Ite, Missa Est! Pope to Leave Vatican for MSNBC?

VEN (ROME)VEN‘s Senior Catholic Mercurial Gadabout Correspondent Malachi Martin interrupted an exorcism on Ibiza Monday to return to the Vatican amidst rumors that Pope Francis — known to the faithful as Papa Rosso or simply El Comandante — is in the final stages of negotiations with MSNBC to star in his own show,  Habemus Papam! which, Mr Martin reports, MSNBC Director of Programming  (not that) Rashida Jones is calling20160212T0840-2104-CNS-POPE-PLANE-STARTa  very unique blend of political and religious commentary from a guy who literally ran one of the biggest churches in the world!”

Vatican spokesperson Cardinal Ignazio “The Consecrator” Silone denied that the Pope was retiring and moving to MSNBC, although he did allude to the possibility that the Pontiff — currently confined to a wheelchair after a protracted celebration of the liturgy on the Isle of Capri — may at some point in the future expand his role to include podcasts and possibly a blog.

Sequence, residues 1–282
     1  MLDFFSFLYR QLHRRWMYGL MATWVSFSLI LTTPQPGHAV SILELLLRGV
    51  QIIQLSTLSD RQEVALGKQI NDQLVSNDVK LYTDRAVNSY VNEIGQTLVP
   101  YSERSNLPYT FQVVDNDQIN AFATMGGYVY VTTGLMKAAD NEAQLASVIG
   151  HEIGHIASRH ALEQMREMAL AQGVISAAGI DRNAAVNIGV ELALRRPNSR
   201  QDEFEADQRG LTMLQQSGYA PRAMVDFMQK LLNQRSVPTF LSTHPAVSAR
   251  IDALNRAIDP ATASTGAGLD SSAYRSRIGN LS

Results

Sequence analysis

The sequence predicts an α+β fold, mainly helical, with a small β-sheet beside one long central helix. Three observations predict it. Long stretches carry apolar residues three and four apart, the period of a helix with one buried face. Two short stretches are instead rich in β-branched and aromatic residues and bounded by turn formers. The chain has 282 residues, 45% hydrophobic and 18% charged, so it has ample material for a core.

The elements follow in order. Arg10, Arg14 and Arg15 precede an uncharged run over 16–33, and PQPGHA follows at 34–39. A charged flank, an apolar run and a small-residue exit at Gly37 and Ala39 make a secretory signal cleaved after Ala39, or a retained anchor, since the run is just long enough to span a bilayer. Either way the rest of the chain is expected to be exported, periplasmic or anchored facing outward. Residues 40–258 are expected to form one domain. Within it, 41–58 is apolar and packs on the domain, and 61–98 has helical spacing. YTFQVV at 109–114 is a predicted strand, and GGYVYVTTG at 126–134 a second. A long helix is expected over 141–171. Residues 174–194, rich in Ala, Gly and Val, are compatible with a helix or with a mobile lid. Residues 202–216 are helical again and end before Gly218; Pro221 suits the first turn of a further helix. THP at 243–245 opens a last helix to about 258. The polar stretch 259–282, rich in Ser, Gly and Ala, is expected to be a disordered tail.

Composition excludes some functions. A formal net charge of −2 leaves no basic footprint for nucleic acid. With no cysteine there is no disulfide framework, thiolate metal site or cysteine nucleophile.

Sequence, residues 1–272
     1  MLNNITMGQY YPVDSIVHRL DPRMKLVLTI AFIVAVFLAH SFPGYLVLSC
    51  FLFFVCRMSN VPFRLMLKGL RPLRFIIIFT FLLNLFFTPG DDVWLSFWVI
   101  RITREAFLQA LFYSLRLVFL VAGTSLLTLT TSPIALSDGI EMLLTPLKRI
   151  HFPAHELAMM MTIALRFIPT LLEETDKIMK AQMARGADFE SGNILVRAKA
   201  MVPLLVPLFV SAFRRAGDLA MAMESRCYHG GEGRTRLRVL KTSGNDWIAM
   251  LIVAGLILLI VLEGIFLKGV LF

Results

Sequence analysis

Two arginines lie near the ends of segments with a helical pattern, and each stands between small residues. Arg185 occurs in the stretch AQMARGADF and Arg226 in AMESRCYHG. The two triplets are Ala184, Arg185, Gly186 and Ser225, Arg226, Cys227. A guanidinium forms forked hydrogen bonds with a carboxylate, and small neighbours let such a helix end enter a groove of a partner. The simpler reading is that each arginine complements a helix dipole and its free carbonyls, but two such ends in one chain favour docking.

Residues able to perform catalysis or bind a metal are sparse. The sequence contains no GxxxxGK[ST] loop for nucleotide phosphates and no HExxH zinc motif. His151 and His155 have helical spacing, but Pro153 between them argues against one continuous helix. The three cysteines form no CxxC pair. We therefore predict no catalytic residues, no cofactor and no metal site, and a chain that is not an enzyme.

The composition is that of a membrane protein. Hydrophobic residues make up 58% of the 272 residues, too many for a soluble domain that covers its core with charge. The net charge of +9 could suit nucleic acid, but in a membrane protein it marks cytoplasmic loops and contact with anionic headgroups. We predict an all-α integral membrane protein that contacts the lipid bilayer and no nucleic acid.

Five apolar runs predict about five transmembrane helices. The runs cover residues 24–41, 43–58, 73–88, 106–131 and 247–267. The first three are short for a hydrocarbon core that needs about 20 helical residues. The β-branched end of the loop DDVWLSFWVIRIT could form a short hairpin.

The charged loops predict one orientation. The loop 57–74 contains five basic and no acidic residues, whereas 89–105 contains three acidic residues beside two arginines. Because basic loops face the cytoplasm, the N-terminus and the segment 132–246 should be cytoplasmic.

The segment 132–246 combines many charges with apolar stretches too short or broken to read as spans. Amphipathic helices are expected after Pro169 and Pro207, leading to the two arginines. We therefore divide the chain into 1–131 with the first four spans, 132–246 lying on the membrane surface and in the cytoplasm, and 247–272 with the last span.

“Hey, what can I tell you?  He’s a chatty guy!”

Pope-Francis-StaringAs Mr Martin reports, this is not the first time His Holiness has been courted by the news and entertainment industry. 

In 2015, after a photograph of the Pope appearing to leer at a former novitiate from the San Bernardo Convent of Discalced Carmelites went viral (a photograph the Vatican denounced as a forgery), Franics was approached by TELEMUNDO to costar with the same woman in a religious comedy variety hour entitled El Papa y La Puta, which not surprisingly was a non-starter for the Vatican.

Indeed, no stranger to controversy, Pope Francis recently raised eyebrows again when he stated in an interview with Teen Vogue that in his heart of hearts he considers himself a Presbyterian, and — much to his consternation — there is far too much emphasis on Christ in Christianity, something he’s been working very hard to correct.

“OK, sure — He was the son of God.  No one’s denying that.  But every day — Christ this and Christ that.  Dios Mio!  I mean it gets old after a while.”  

Developing . . .